Still deeper observations of more fields in M31's disk are needed to illuminate its star formation history in even greater detail. Large AO-equipped ground-based telescopes provide the high spatial resolution that is the key to seeing an unblended view of the vast numbers of stars present at any location in M31.
"One of the limitations of our study was that in order to use adaptive optics, we had to select fields with a relatively bright foreground guide star nearby," said Olsen. "Now that Gemini and other large ground-based telescopes are equipped with laser guide stars, we'll be able to probe almost any location in the galaxy with adaptive optics and untangle the blur and overlapping of star images to really understand the full story of what these stars can tell us."
The Gemini Observatory provides the astronomical communities in each partner country with state-of-the-art astronomical facilities that allocate observing time in proportion to each country's contribution. In addition to financial support, each country also contributes significant scientific and technical resources. The national research agencies that form the Gemini partnership include: the US National Science Foundation (NSF), the UK Particle Physics and Astronomy Research Council (PPARC), the Canadian National Research Council (NRC), the Chilean Comision Nacional de Investigacion Cientifica y Tecnologica (CONICYT), the Australian Research Council (ARC), the Argentinean Consejo Nacional de Investigaciones Científicas y Tecnicas (CONICET) and the Brazilian Conselho Nacional de Desenvolvimento Científico e Tecnologico (CNPq). The Observatory is managed by the Association of Universities for Research in Astronomy, Inc. (AURA) under a cooperative agreement with the NSF. The NSF also serves as the executive agency for the international partnership.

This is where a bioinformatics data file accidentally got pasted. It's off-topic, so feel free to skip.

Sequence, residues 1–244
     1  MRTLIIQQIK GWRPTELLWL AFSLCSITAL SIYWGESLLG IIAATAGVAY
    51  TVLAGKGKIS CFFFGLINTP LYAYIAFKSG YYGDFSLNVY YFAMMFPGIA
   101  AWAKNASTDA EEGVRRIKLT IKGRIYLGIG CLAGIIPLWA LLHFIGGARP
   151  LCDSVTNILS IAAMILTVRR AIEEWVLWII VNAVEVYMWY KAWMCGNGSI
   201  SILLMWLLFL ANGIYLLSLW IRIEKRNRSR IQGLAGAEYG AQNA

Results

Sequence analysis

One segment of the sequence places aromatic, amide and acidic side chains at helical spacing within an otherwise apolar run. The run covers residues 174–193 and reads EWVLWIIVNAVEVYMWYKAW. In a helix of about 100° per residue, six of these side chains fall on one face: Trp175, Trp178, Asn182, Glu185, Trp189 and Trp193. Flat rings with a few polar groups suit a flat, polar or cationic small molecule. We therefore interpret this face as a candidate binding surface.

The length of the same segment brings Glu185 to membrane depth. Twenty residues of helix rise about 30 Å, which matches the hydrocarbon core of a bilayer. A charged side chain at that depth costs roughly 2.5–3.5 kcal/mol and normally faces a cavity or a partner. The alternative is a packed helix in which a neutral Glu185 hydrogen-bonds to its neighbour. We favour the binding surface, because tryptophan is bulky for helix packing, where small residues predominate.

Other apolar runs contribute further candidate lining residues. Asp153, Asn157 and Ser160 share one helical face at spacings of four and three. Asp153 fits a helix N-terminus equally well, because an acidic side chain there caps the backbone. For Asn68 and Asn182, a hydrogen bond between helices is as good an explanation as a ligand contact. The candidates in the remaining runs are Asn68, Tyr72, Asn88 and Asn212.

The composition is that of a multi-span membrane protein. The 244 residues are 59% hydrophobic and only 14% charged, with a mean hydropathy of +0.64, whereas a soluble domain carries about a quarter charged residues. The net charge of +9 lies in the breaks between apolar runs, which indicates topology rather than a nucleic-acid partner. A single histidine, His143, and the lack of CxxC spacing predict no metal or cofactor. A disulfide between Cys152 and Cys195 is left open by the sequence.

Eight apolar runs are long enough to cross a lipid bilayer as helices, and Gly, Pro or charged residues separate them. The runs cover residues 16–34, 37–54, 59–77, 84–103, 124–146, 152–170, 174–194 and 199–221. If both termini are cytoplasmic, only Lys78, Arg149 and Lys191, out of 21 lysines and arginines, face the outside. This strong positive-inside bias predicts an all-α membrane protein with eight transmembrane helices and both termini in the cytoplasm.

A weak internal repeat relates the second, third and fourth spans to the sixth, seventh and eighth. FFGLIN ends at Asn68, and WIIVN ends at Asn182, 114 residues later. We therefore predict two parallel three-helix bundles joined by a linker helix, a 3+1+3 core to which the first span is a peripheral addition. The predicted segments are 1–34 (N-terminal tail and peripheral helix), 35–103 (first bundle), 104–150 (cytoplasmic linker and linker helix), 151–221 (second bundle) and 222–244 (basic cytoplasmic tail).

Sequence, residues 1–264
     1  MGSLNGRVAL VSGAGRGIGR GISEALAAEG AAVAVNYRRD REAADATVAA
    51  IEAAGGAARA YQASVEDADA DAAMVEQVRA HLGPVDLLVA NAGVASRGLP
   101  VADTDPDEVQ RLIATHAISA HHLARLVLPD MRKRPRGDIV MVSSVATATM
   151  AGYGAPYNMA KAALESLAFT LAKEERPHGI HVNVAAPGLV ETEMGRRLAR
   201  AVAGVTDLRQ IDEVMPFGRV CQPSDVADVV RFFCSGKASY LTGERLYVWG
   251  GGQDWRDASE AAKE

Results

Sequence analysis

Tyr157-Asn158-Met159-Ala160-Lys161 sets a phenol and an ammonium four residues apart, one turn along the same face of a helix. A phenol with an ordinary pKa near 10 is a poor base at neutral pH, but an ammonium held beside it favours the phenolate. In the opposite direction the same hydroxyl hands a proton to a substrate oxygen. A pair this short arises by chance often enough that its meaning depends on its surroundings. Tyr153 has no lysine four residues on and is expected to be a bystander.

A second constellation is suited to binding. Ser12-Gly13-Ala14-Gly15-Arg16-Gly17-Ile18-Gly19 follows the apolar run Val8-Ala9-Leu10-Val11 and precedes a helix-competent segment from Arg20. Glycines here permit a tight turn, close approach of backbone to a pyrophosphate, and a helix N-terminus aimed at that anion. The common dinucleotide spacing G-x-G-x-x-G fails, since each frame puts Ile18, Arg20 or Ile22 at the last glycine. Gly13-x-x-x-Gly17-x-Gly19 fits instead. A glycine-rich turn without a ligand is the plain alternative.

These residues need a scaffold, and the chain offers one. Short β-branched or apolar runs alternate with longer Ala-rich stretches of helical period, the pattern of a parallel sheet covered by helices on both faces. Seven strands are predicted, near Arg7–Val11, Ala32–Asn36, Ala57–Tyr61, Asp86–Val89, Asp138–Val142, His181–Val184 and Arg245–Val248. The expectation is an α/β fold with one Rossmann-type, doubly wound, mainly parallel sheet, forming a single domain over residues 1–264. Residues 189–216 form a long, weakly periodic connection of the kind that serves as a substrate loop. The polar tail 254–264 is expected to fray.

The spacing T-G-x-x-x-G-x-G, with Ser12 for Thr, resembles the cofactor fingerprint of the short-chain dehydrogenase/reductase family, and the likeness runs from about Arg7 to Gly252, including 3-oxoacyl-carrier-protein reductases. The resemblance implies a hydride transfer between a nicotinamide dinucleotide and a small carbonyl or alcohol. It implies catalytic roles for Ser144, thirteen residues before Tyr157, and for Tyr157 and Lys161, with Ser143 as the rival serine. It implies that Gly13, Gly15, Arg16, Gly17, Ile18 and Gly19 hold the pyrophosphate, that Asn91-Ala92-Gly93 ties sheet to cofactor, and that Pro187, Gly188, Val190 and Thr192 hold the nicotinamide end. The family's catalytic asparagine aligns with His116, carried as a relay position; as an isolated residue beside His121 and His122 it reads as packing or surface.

Note - Web-based press release with images available at: www.gemini.edu/aasm31
For more information:
NRC, Herzberg Institute of Astrophysics, Victoria, BC
NOAO, Tucson AZ